A Mindfulness Guide for the Frazzled by Ruby Wax

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The larger-than-life, seemingly confident Ruby Wax of our TV screens was also clinging on to sanity. She spent some time in the Priory Clinic, London to tackle her problems with anxiety and depression. Wax now has a master’s degree in mindfulness-based cognitive therapy from Oxford University. Practical and pragmatic, A Mindfulness Guide for the Frazzled talks in a funny way about depression and demonstrates how mindfulness exercises can help with everyday problems.

Status Anxiety by Alain de Botton

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Status anxiety is about who you are in contemporary society – whether you’ve got enough money, enough kudos, enough fabulosity to cut it in our judgemental world. De Botton’s bestselling book is concerned with just that: an exploration of this anxiety and a valuable insight into class and a meritocratic society.

A Prescription For Happiness – Bibliotherapy.

Reading is the new therapy.

Reading is the new therapy.

Recent studies from Liverpool University led by Professor Philip Davies have demonstrated that reading the classics improves our own reflectiveness and self-knowledge. Extracts from works such as ‘Othello,’King Lear,’ ‘Macbeth’ and ‘Corialinus’ were read by participants and scientists measured brain changes during these exercises using Magnetic Resonance Imaging. Extracts from the work of Larkin, Wordsworth and TS Eliot were also read by the readers for the experiment. After reading the classical work, the participants then read the work in a simplified form, without any of the metaphor and colour of the original. Not surprisingly, the results showed much greater electrical activity in the brain when the complex phrases and eloquent sentences were being read, as opposed to the dumbed down versions of the classical construct.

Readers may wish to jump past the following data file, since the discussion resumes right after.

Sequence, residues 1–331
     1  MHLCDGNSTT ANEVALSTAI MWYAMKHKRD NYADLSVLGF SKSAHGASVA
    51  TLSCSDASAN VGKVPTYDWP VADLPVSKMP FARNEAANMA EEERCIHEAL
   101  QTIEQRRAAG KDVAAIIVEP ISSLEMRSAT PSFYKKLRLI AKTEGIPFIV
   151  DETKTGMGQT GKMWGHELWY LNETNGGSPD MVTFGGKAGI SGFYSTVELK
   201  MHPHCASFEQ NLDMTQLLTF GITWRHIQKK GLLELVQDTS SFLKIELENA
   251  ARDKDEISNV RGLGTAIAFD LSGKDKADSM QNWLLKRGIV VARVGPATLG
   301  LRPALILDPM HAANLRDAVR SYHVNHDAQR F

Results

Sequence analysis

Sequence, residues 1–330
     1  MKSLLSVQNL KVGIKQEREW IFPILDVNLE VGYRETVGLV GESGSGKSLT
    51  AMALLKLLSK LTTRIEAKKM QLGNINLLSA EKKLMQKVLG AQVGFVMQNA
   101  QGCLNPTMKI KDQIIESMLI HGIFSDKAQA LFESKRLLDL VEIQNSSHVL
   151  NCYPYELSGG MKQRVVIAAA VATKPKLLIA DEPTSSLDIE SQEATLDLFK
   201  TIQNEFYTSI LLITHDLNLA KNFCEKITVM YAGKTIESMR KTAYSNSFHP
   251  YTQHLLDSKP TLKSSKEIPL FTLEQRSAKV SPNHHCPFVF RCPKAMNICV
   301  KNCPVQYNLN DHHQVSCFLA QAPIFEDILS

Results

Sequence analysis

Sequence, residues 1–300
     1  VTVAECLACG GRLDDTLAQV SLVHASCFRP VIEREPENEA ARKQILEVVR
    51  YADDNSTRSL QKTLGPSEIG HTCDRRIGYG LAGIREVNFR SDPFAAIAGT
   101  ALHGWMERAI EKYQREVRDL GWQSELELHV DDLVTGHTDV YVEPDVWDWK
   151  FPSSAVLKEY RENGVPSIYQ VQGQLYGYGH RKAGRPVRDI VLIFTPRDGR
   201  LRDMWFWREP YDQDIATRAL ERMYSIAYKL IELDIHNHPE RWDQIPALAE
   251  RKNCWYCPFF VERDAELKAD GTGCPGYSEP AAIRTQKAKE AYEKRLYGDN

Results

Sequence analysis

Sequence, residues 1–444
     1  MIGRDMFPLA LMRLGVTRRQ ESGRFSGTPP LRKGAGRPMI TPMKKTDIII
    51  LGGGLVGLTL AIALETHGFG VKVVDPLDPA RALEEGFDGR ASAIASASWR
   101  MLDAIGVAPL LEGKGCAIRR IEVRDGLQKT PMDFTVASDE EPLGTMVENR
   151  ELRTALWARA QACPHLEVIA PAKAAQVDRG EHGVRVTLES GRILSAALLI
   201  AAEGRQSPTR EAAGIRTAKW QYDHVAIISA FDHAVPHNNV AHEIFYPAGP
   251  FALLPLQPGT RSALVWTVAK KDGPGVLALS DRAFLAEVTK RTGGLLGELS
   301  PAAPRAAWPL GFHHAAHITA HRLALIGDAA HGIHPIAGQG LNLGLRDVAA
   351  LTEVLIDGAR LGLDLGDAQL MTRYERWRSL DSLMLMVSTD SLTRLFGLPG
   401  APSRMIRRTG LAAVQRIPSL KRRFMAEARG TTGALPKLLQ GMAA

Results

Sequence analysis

Indeed, the right side of the brain which is concerned with personal memory and emotion was highly stimulated when reading poetry, which prompted the scientists to extrapolate that self-reflection and a reappraisal of previous experiences is produced by the bardic works. This research is in its infancy but coupled with the rolling out this May of a scheme in the U.K. dubbed “Books on Prescription,” there is a very large swing in favour of the healing powers of books and literature. The scheme according to Miranda McKearney, director of the Reading Agency will allow GPs to write out prescriptions for books available at their local libraries to sufferers of mild to moderate anxiety and depression.The list includes many self-help books as well as mood-boosting novels and poetry from writers such as Jo Brand, Bill Bryson and Terry Jones. This is extremely good news for those of us who have always known the restorative powers of an early night and immersion in a good book.